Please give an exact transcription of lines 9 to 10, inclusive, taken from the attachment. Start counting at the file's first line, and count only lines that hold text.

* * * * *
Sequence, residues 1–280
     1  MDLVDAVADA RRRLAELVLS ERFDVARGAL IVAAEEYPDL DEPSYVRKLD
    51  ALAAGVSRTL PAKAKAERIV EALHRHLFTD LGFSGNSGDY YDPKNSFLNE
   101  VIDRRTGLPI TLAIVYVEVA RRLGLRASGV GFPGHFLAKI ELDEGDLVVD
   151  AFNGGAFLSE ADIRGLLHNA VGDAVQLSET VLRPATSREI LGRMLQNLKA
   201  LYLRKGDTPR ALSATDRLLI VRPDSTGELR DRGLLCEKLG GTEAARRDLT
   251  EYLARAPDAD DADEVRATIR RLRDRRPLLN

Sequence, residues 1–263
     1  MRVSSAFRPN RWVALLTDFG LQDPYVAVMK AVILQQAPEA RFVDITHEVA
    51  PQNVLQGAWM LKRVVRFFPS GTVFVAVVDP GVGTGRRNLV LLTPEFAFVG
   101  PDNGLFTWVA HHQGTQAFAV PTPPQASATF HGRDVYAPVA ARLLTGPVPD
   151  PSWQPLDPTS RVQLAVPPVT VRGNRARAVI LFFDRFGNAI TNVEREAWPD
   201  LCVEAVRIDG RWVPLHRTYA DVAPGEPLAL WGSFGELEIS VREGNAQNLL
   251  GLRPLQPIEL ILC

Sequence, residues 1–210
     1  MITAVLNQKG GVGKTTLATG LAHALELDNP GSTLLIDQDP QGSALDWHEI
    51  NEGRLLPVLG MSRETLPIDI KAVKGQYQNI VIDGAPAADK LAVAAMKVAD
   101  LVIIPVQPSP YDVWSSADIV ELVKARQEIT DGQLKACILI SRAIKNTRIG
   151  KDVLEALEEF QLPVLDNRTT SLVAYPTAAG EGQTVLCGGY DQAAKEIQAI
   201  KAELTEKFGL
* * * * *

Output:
     1  MRVSSAFRPN RWVALLTDFG LQDPYVAVMK AVILQQAPEA RFVDITHEVA
    51  PQNVLQGAWM LKRVVRFFPS GTVFVAVVDP GVGTGRRNLV LLTPEFAFVG